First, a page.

Details from a recently published review discussed expanded use of alcohol use disorder medications and treatments in everyday clinical practice for patients with advanced liver disease.

“Alcohol use is a major cause of preventable liver disease worldwide, and alcoholic liver disease is the main alcohol-related chronic medical illness,” Daniel Fuster, MD, PhD, from the Autonomous University of Barcelona in Spain, and Jeffrey H. Samet, MD, MPH, from the Boston University School of Medicine and Public Health in Boston and chief of General internal medicine at Boston Medical Center, wrote in their review. “Globally, per capita alcohol consumption is strongly correlated with the rate of death due to liver cirrhosis.”

Fuster and Samet first outlined the affects of alcohol use on four of the most prevalent forms of liver disease: hepatitis C, hepatitis B, nonalcoholic fatty liver disease, and hereditary hemochromatosis.

In HCV, alcohol use increases infection exposure and persistence, causes more extensive liver damage than the infection alone, leads to faster progression of liver fibrosis and results in higher rates of mortality. These effects are common in HBV as well, although alcohol use in patients with HBV also demonstrated an increased risk for hepatocellular carcinoma.

Along with increased fibrosis progression and an increased risk for hepatocellular carcinoma, alcohol use in patients with NAFLD leads to a greater prevalence of steatosis and abnormal liver tests. In hereditary hemochromatosis, alcohol use increases fibrosis progression as well as iron overload.

“Assessment of alcohol use is appropriate for any person with liver disease, given the elevated risks of alcohol-related hepatotoxicity,” Fuster and Samet wrote. “In fact, there is no known safe threshold of alcohol consumption for patients with chronic liver disease, especially those with HCV infection, obesity, or the metabolic syndrome.”

The authors advised that the Alcohol Use Disorders Identification Test (AUDIT), recommended by both American and European guidelines, and the National Institute on Alcohol Abuse and Alcoholism single-question screening tool have been validated for the screening of unhealthy alcohol use in the primary care setting.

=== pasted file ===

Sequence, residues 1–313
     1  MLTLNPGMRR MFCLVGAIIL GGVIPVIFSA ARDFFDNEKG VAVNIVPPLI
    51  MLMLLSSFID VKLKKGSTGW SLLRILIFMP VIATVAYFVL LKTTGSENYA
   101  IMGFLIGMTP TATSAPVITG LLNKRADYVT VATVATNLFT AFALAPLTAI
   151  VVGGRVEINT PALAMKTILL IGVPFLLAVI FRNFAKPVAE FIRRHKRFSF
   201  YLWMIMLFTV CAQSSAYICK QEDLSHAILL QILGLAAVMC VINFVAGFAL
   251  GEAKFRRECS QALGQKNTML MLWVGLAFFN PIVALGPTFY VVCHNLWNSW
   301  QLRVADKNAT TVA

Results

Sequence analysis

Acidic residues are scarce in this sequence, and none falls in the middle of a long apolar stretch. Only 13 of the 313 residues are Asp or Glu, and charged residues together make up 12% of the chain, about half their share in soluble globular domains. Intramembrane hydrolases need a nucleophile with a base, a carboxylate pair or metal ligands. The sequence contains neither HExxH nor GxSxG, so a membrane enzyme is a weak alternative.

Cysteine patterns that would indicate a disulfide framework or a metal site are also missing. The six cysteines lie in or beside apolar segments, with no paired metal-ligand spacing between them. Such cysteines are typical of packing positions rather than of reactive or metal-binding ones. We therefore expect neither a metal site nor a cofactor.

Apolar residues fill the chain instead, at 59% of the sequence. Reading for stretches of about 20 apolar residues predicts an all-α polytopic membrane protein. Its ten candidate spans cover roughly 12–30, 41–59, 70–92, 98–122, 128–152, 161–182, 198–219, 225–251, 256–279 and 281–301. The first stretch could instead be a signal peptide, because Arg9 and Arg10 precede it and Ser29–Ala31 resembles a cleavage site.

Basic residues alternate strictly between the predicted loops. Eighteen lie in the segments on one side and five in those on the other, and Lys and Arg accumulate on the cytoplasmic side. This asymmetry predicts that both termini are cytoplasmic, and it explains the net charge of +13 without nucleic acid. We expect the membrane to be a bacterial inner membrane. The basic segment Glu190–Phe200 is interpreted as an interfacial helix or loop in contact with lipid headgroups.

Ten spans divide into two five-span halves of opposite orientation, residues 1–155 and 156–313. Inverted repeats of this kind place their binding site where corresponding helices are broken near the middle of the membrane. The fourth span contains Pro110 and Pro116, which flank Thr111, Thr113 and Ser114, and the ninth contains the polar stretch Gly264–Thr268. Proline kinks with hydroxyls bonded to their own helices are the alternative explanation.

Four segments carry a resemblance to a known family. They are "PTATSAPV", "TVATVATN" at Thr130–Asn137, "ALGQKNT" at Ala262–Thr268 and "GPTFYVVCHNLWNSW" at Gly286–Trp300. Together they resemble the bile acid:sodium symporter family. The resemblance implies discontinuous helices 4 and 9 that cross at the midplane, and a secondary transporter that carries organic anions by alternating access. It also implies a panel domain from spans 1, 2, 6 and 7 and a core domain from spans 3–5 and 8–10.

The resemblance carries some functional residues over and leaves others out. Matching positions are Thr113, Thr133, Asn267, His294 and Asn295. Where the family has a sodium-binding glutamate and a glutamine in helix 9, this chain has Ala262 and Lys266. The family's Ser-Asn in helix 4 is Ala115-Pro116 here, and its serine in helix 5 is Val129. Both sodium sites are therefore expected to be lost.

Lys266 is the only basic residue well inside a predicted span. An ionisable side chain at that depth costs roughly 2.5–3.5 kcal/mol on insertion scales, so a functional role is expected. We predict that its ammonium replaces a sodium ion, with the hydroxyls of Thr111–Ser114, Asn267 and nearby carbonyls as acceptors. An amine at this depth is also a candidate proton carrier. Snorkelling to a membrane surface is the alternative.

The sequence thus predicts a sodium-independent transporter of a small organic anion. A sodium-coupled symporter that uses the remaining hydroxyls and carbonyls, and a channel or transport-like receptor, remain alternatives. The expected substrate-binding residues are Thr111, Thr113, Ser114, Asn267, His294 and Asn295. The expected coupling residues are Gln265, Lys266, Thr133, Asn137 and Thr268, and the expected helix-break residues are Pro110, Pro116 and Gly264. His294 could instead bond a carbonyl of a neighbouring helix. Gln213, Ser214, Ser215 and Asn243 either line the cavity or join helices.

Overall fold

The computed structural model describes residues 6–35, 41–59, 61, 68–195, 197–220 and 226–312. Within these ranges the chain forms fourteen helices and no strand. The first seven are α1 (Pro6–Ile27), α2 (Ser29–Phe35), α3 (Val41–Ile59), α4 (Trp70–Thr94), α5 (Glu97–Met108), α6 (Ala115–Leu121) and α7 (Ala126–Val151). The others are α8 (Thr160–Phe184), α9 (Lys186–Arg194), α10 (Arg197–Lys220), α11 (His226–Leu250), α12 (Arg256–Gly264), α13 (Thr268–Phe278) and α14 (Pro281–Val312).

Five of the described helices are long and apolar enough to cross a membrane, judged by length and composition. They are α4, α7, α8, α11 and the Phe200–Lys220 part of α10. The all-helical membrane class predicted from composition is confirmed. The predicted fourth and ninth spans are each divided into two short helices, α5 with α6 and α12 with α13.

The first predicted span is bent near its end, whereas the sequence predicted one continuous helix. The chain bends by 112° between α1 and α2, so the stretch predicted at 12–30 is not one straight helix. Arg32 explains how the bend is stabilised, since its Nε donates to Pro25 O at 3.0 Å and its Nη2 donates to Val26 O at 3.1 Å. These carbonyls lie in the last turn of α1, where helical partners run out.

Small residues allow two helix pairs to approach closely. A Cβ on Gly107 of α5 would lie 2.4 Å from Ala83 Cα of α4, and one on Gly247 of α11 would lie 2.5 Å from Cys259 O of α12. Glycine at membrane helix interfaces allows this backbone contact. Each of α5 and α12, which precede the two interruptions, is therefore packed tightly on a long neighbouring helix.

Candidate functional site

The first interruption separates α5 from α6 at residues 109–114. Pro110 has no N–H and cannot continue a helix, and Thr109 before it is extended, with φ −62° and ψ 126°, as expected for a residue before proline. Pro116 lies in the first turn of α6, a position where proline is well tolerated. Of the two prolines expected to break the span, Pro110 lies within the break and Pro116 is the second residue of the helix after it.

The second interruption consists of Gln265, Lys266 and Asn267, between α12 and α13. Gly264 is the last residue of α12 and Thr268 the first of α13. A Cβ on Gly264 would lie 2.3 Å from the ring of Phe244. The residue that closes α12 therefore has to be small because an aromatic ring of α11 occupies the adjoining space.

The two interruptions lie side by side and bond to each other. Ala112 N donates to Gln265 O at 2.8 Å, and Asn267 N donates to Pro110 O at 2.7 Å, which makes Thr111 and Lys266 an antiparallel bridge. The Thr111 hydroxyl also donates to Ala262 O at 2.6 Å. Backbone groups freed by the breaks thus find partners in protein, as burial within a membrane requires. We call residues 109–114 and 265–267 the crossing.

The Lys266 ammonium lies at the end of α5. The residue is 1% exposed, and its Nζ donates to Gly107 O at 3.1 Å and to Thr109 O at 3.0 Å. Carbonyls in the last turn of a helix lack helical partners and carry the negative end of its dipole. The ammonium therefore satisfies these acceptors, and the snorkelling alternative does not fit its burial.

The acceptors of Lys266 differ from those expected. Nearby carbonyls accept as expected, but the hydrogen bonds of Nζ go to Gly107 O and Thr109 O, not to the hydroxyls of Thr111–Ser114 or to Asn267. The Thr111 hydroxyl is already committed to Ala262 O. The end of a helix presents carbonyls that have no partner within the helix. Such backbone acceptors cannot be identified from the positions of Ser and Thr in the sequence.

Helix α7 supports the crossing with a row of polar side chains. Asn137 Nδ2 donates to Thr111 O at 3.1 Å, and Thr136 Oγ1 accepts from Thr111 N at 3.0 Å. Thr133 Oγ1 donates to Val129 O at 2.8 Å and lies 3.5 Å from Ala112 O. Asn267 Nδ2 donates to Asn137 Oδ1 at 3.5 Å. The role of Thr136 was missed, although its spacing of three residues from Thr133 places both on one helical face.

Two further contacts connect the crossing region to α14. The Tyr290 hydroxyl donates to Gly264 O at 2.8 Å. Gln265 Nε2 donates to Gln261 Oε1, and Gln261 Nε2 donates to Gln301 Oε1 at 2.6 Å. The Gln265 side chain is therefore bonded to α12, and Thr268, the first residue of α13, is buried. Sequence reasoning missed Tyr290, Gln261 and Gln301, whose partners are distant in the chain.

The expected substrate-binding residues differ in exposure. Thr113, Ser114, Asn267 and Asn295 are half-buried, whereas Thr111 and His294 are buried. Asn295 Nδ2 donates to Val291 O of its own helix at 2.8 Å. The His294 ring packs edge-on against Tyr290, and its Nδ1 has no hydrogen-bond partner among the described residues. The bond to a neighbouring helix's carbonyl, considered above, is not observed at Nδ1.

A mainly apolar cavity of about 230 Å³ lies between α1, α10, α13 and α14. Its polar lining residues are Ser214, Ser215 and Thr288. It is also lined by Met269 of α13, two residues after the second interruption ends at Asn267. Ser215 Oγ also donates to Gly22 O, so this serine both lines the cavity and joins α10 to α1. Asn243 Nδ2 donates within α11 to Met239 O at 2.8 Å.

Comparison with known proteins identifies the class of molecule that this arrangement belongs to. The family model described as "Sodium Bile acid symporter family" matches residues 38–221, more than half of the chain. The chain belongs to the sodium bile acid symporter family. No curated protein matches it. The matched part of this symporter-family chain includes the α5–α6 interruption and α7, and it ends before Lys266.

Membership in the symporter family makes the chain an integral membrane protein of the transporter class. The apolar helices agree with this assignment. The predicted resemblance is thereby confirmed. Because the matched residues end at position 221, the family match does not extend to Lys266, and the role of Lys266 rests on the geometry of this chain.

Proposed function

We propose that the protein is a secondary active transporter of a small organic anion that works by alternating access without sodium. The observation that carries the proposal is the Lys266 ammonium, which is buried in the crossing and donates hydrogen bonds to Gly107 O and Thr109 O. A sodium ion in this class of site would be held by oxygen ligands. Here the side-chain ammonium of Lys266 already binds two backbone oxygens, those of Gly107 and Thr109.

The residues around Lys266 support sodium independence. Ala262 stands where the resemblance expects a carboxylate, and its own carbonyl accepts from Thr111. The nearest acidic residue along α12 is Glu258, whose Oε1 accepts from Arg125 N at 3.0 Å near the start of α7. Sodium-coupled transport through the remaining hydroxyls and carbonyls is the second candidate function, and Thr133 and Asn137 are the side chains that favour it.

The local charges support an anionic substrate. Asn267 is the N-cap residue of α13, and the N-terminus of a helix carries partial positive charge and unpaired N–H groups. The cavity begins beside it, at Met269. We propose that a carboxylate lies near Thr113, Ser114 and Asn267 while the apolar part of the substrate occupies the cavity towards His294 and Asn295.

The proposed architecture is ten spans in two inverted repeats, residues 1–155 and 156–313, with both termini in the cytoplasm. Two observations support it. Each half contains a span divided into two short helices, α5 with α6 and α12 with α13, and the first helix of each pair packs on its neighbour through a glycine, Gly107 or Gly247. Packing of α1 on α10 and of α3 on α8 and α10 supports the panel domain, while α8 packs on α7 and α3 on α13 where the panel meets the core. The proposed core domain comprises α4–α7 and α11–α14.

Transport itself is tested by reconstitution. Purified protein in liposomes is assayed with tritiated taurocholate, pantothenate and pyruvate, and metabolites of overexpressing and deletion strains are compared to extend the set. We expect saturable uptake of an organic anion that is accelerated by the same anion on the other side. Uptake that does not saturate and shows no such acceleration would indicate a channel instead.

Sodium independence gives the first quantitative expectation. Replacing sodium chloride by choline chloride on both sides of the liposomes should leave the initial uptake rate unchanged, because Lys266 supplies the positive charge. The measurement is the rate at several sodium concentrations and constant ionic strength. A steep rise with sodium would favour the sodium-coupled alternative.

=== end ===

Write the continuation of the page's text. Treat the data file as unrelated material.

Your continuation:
Regarding medical treatment for alcohol-use disorder, specifically alcohol withdrawal, long-acting benzodiazepines protect against seizures and delirium. Short- and intermediate-acting benzodiazepines have similar effects as long-acting options but are safer for patients with poor synthetic liver function. Carbamazepine and oxcarbazepine can help mitigate symptoms in uncomplicated withdrawal cases, although they have not demonstrated the same quality as benzodiazepines.

“Several nonpharmacologic strategies for relapse prevention can be implemented in primary care,” Fuster and Samet explained. “These include establishing a supportive patient–physician relationship; scheduling regular follow-up visits; mobilizing family support; suggesting involvement in 12-step programs; developing a plan to recognize, cope with, and manage early relapse; facilitating positive lifestyle changes; and treating coexisting conditions that can trigger relapse.”

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In cases of end-stage liver disease, liver transplantation is an effective response with similar graft survival rates in patients with alcoholic liver disease compared with other patients. While most guidelines promote a minimum of 6-months alcohol abstinence as a prerequisite for receipt of a liver transplant, empirical data for this approach has been mixed.

Relapse is a concern, of course, but Fuster and Samet state that recidivism ranged in recent studies between 15% and 20%.

“These data could be informative in consideration of the development of an alternative approach for persons with alcohol-use disorder and liver failure, which has been explored recently by other groups, with promising results,” the authors wrote. “It would be wise to expand alcohol-use disorder treatment in everyday clinical practice to include treatment in patients with advanced liver disease.” – by Talitha Bennett

Disclosure: The authors report no relevant financial disclosures.